I know, it sounds cliché...I left a lucrative corporate career to start my own business. I wanted more freedom, more flexibility, more autonomy. Blah, blah, blah.
Actually, that’s not how it started for me. I am one of those rare breeds who LOVED working in corporate America. I love the intricacies of corporate culture. I love the seeming inability to impact change. I love the rules, the containers and even the politics. And much to my dismay, corporate kicked me out. Fly, little birdie, fly! We’re moving your department to Dallas without you, so fly, little birdie! Yikes! Ugh! Yuck… I was a little birdie who didn’t want to fly. I wanted to stay in my little nest, thank you very much.
Well, that’s not 100% true. I have always been an entrepreneur at heart. Haven’t we all? When my kids’ dad and I divorced, I made them pillows with our faces printed on them. That way when they were at the other parent’s house, they could still see us and hug us. I thought it would make a cool business for other single parents or for military families, but I didn’t have time to launch it. I was too busy with my corporate career.
Fast forward a few years and I began knitting fingerless gloves for friends of mine who hula hoop outdoors in Florida. Their hands were cold during their morning hooping sessions and they didn’t want to wear “fingered” gloves. Needless to say, buying gloves of any type in Florida is virtually impossible…almost as impossible as buying bathing suits in Minnesota in February. So I custom made gloves and sent the gloves to them. That would’ve been a cool business to start, too, if I had time. But who has time when you’re working a 9-5 corporate gig and raising four kids?
Fast forward again to that fly little birdie part. On Thursday they told me my department was moving to Dallas (without me), on Friday I cried and on Saturday I decided it was now or never to start my own business. I was turning 40 that year, my kids were starting to say “Mom who?” and it took a PhD in logistics to decipher my daily calendar with everything we had going on. Entrepreneurship had to be easier, right?
Luckily for me, I had a fantastic mentor who helped me start my first business. It was a challenging, bumpy start but I am proud to say that I now publish a home improvement magazine for the Savannah area called Home Advantage. Check it out at www.LowcountryHomeAdvantage.com.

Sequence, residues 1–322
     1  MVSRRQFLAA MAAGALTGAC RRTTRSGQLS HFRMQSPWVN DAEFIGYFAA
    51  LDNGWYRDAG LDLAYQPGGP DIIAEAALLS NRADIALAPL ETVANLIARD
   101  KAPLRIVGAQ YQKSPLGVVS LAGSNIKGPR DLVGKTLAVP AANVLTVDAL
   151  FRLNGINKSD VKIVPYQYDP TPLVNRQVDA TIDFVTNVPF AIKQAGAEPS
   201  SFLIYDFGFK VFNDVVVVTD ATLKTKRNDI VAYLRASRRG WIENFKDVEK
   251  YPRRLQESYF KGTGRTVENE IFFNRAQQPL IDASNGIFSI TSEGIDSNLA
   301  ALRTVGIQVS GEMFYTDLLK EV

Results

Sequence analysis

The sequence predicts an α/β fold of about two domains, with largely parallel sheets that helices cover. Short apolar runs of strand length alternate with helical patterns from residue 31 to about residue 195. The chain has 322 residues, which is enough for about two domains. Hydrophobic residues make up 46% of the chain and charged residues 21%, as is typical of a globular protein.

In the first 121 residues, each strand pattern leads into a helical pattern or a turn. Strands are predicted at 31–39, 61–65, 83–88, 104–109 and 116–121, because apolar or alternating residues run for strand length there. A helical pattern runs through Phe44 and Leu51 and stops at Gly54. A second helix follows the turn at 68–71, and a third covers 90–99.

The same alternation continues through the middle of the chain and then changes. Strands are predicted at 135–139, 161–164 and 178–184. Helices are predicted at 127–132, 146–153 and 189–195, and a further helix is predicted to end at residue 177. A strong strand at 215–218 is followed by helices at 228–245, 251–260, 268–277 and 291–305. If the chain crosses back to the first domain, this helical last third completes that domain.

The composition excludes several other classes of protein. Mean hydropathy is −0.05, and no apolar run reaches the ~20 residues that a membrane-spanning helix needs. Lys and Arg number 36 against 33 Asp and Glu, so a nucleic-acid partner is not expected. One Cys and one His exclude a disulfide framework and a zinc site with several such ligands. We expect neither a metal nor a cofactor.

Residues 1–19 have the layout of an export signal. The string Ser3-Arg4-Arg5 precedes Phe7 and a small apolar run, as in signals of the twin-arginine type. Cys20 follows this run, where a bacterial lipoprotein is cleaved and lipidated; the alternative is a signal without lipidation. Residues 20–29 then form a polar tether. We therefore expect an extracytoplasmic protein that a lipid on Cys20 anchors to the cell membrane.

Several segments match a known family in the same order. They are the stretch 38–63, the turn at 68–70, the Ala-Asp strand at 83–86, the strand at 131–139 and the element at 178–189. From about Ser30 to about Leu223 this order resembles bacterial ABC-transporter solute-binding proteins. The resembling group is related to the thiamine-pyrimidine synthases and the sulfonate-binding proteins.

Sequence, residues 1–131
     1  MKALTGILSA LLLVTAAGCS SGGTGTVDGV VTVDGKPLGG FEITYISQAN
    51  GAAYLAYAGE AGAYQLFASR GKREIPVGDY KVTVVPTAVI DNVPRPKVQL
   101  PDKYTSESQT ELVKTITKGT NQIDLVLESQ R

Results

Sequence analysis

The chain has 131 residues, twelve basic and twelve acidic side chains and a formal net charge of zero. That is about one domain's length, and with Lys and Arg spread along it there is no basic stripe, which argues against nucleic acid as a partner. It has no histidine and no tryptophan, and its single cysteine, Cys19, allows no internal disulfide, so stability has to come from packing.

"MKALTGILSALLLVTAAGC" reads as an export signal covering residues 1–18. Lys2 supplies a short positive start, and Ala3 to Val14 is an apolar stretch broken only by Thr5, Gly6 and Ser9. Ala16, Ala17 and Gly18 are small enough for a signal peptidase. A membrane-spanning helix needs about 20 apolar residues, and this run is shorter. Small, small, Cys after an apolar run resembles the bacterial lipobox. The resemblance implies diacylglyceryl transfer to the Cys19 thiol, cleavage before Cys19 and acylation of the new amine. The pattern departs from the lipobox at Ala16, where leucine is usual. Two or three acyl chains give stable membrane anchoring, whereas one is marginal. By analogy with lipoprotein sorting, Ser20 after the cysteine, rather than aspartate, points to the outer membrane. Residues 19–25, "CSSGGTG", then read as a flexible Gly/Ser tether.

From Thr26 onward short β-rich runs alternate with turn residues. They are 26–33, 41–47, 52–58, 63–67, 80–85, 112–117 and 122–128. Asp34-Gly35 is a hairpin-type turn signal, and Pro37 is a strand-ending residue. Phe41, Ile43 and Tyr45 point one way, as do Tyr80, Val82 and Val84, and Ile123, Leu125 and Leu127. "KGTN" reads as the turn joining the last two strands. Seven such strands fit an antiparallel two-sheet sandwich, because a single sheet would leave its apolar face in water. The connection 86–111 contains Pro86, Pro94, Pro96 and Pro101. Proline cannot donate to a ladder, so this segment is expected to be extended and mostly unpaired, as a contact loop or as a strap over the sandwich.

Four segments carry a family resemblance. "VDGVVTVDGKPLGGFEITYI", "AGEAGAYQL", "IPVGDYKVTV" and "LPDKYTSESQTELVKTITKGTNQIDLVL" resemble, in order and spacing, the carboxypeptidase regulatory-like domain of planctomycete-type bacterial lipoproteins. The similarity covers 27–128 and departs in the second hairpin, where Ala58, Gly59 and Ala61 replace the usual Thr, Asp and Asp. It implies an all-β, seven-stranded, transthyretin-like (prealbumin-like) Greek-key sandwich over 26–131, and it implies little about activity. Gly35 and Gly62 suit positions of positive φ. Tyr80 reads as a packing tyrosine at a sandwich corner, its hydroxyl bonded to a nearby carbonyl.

I went from working in companies with 10,000+ employees to running my own team of 4 – all of whom telecommute. I don’t have an office. We don’t physically see each other very often and we definitely spend more time alone than together. Learning to be a solo-preneur has been the most challenging part of owning my own business. I thrive on interactions with others. I love to bounce ideas off people. I like to hash out my issues in small groups. And now, it’s just Cupcake (the yorkie/shih tzu mix) and me. That’s why I was so thrilled to discover One Million Cups. It’s a great excuse to get out of the home office and to connect with other local entrepreneurs. It’s nice to have a tribe.
I can definitely say that I have been bitten by the entrepreneur bug. I have resurrected my favorite part of my corporate career and have launched my second business as a Women’s Empowerment coach.
Who knows where this journey will lead? I can honestly say that ten years ago I would have never imagined being the owner of my own business, especially not a home improvement magazine. I know for sure that owning two businesses wasn’t even a possibility back then. That’s what’s so cool about being an entrepreneur. While the corporate lifestyle is full of rules, containers and paths that are pre-determined by the powers that be, the sky’s the limit with entrepreneurship.
I’m glad this little birdie got the opportunity to spread my wings and soar!